Design and Construction Discovery Camp Introduces Youth to CADC Majors
This past week, the College of Architecture, Design and Construction (CADC) hosted its first Design and Construction Discovery Camp, a new summer camp for high school students offered through Auburn Youth Programs, an initiative of Auburn’s Office of Continuing and Professional Education. This week-long scholarship camp introduced campers to all six areas of study in the CADC.
At Design and Construction Discovery Camp, rising high school juniors and seniors were taught by faculty members from all six of CADC’s undergraduate majors, which include architecture, landscape architecture, environmental design, industrial design, graphic design and building science. Students lived and dined on campus, experiencing life as college students for a week. The camp was led by Katherine Buck Chastain, CADC’s Administrator of Student Recruitment, with help from Assistant Camp Director QuenDesmond Kellum.
Each day of the camp focused on one of the three schools in the CADC, and faculty members taught lessons and assigned projects that helped to reinforce the students’ learning. After an orientation day on Tuesday, Wednesday’s activities introduced students to majors in the School of Architecture, Planning and Landscape Architecture (APLA). Environmental Design faculty member Kelly Homan taught students to use basic drawing techniques and the idea of abstraction to generate patterns. They were assigned a single word to express abstractly through linework and shading. Landscape Architecture faculty member Frank Hu assigned campers to work in small groups and asked them to design and construct an imagined landscape that integrated landform, planting and people. Each group used a randomly selected bench shape as a starting point and included it in their proposed landscapes along with a combination of foil, plaster bandages, model trees and 3D printed scale figures. The campers then presented their proposed landscapes and completed a review with Raleigh Price of Seay Seay & Litchfield Architects, the sponsor of APLA’s day at camp. Architecture faculty members Debbie Ku and Jennifer Pindyck taught campers that the core of architecture and interior architecture is understanding how to define, organize and relate space. They taught the principles of perspective drawing and collage and then had students use those skills to imagine a space derived from the narrative and illustrations of children’s books.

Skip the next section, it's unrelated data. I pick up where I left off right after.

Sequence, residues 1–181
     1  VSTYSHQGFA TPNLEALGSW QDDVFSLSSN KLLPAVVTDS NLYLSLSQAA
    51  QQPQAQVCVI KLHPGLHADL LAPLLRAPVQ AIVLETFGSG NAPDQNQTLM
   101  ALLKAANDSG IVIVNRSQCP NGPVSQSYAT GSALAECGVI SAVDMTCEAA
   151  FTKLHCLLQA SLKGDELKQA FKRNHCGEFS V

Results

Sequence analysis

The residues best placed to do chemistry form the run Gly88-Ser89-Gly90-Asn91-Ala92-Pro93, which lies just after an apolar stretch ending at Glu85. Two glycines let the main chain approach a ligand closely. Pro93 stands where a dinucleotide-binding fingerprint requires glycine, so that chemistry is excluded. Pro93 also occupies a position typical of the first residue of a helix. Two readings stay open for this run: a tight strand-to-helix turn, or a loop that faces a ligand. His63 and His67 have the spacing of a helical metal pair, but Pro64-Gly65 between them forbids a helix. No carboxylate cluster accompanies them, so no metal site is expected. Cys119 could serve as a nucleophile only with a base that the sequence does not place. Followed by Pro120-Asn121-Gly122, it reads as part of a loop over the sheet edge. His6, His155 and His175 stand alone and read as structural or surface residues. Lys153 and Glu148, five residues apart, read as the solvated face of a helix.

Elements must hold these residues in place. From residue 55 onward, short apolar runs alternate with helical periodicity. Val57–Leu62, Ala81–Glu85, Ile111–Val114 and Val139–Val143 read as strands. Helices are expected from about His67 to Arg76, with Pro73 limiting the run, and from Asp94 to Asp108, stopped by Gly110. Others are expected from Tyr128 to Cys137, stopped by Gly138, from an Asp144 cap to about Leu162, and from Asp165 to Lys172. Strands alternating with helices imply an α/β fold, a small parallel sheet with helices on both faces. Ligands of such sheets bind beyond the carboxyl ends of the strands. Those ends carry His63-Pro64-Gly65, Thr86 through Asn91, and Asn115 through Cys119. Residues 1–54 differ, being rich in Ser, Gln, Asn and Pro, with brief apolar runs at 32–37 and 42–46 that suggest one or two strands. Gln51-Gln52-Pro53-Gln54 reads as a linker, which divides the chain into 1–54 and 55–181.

On Thursday, camp activities focused on studies within the McWhorter School of Building Science (BSCI). This day was sponsored by Holder Construction, and several Holder employees joined the campers for lunch to discuss the role of construction managers in the field. BSCI faculty member Lauren Redden directed a simulated project bid for the renovation of a large ballroom. Each team was tasked with calculating and estimating the quantity of various finish materials by measuring from a scaled model of the room, including area and perimeter calculations. The teams then incorporated subcontractor pricing by “drawing a straw” of quoted unit prices for each of the finish materials quantified. The teams ultimately had to determine how much overhead and profit their company needed to add to their total project bid before submitting it and going head-to-head with the other teams, and the objective was to have the lowest comprehensive bid selection. After finishing the bid simulation, students traveled across campus to the Robins & Morton Construction Field Lab and worked with field lab manager Jonathan Tucker to build a picnic table that was donated to local non-profit Esperanza House.
Friday’s activities taught campers about majors in the School of Industrial and Graphic Design (SIGD). Graphic Design faculty member Lee Clark asked students to design an initials logotype with just two letters. The campers designed 20 versions in thumbnail form and narrowed it down to two for final execution in ink on Bristol board. Industrial Design faculty member Ben Bush assigned the students to work in small groups with designers from Aruliden, a brand strategy and product design firm in New York City that is a subsidiary of Material, the global design and tech firm that sponsored SIGD’s day at camp. Students and designers worked together to create products based on different aesthetics of brands and functions.
On Saturday, the campers’ busy week came to an end with an exhibition of student work. “We had a phenomenal week at camp,” stated Chastain. “Our faculty truly enjoyed introducing their disciplines to the campers. I am so proud of the campers for their enthusiasm and excitement. The work the students produced was so impressive, and we now know there are some talented young designers in this generation!”